This past year saw further leaps and bounds in the prices of well known cryptocurrencies such as Bitcoin or Ethereum. For those of us less familiar with the digital currency landscape, Dogecoin is one coin we might be yet to hear of. The chances of that are getting less and less likely however, as Dogecoin has made some surprising gains in 2021 that have made headline news around the digital currency world.
So let’s take a look at this latest crypto phenomenon!
What is Dogecoin?
Simply, Dogecoin is another form of cryptocurrency similar to more well known coins such as Bitcoin or Ethereum. Unlike Bitcoin or Ethereum however, there is no limit on the number of Dogecoins that can ever be made. As a result the price of Dogecoin has traditionally stayed relatively low. As of June 2021, Dogecoin has seen highs of $0.35 United States Dollars and lows of $0.09 United States Dollars per coin. As of the 16th June 2021 and the time of writing this article, its price is currently $0.31 United States Dollars a coin.
Where does the name come from?
The name is one of the more unusual parts of Dogecoin, and does its part to explain the coin makers’ philosophy. The coin was made initially as a joke by Billy Marcus and Jackson Palmer. The two software engineers started the coin as a joke back in 2013 and the name services from the once-popular meme with the dog breed of the same name. The joke was meant to be on the various cryptocurrencies and their uses, however the increasing popularity of the coin in 2021 means it is now the fifth largest cryptocurrency on the digital market. Dogecoin unexpectedly has seen a 5,000% increase in its market value in 2021.
Dogecoin uses similar blockchain technology to Bitcoin or Ethereum and uses a ledger to record and secure all transactions made. The ledger is then retained by all holders of the coin in a decentralised digital currency market.
Global inflation rates have soared as a consequence of the ongoing coronavirus COVID-19 global pandemic. Both the UK and US have reported high inflation increases this year in comparison to last. The Labor Department in the US reported recently that April 202 had seen the fastest increase in 12 years. This was due to the economic recovery from the coronavirus crisis that has pushed food, energy and fuel prices higher than usual.
Inflation has been previously down as lockdown restrictions in many places as a result of the pandemic had kept many people at home and reduced demand for the energy and fuel that usually keeps our highstreets running. In comparison to usual spending habits, this lack of demand saw prices for commodities like petrol decrease.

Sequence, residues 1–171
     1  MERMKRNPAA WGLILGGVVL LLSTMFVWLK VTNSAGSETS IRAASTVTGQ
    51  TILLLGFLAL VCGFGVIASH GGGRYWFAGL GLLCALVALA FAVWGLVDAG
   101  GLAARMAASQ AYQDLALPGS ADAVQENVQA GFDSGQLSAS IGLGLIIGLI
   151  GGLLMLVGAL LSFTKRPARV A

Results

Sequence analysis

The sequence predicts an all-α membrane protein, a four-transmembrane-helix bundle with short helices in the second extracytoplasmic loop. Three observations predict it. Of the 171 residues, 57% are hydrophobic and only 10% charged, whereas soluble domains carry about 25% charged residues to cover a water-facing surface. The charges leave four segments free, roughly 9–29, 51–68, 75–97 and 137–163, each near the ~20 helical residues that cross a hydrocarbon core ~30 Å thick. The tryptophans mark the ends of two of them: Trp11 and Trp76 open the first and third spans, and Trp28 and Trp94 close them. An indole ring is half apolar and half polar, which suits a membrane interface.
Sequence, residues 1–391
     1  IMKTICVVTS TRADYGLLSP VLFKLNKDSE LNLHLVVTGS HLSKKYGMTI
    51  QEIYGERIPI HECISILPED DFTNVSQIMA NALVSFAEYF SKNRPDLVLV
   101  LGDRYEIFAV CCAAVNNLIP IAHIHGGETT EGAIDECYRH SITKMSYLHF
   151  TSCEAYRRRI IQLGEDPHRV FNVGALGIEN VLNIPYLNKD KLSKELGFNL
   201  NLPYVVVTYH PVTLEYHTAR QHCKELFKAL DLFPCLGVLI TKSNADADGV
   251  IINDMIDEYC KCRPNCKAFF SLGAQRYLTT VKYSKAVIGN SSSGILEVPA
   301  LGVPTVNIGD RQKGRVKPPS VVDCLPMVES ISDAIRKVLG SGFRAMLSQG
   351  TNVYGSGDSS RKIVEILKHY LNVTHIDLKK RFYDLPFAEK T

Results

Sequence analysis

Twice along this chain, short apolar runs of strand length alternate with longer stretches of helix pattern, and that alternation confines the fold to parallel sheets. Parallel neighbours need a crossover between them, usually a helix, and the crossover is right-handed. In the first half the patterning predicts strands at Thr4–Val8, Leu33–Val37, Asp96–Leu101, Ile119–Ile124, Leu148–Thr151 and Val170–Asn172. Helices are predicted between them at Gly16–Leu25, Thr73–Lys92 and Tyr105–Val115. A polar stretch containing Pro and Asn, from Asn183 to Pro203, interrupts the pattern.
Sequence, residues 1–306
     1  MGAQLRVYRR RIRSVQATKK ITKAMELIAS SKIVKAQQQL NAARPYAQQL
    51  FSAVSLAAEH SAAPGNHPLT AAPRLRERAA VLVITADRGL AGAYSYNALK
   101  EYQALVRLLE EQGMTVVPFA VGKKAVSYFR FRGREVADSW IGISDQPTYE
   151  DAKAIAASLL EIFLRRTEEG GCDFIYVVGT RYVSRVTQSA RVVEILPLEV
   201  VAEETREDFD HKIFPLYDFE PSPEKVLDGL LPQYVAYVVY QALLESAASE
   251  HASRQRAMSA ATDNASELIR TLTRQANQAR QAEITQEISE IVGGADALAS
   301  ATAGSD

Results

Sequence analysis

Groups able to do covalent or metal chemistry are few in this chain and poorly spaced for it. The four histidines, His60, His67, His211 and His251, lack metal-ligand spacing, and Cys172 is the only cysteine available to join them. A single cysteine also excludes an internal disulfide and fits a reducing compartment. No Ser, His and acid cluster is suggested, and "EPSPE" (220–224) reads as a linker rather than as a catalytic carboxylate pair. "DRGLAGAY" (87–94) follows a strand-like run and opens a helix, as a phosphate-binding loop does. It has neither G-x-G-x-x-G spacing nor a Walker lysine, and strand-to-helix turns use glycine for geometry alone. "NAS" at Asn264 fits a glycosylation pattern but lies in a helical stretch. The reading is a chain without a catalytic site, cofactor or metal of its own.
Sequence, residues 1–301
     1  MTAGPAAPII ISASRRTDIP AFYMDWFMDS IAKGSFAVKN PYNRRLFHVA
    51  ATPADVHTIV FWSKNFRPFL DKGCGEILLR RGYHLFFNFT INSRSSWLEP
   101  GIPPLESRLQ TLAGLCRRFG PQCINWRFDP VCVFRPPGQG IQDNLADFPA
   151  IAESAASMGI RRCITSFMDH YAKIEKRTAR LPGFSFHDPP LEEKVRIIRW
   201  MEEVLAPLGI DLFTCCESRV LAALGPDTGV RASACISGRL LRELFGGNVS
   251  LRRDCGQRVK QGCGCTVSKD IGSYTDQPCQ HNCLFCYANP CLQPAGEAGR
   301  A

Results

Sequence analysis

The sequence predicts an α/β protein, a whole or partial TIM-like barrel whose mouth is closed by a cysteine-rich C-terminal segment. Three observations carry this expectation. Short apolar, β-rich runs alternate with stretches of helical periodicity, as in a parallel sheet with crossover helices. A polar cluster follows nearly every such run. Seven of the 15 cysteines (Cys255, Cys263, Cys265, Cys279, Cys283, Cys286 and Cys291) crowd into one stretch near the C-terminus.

As life begins to return to normal around the world, with many places able to lift lockdown restrictions thanks to lower numbers of case rates for coronavirus. This means people are back to work or out travelling to see family and the demand for energy and fuel has subsequently increased. Petrol prices are now reaching an all time high as reopening around the world puts pressure on global supply chains. Compared to last year, gasoline saw a jump of 49.6 % in price, and of 37.5 % for fuel oil.
Pressure has been on energy prices also as consumers have seen a 25% rise in overall energy prices in the US. This could be due to the higher demand on energy from people staying at home and individuals consuming more energy than in a shared workplace or school as a result.
Numbers on inflation are expected to be volatile and not representative over the next few months as a result of the coronavirus pandemic. Where there was an almost full shutdown of the US economy last year, which caused a low rate of inflation, the added pressure this year comes as everything starts to reopen and demand returns to normal.
With all the support from people in the United States of America as well as globally, it’s hard to believe the National Rifle Association (NRA) of America could be short of a bob or two. People were shocked to subsequently learn earlier this year that the NRA was filing for bankruptcy. The unusual move was criticised by many opposers of the NRA and members alike, for the sinister undertones of the action. Filing for bankruptcy has brought into question the finances of the NRA, and spending habits of its Executive Vice President (EVP) and organisation frontman Wayne LaPierre.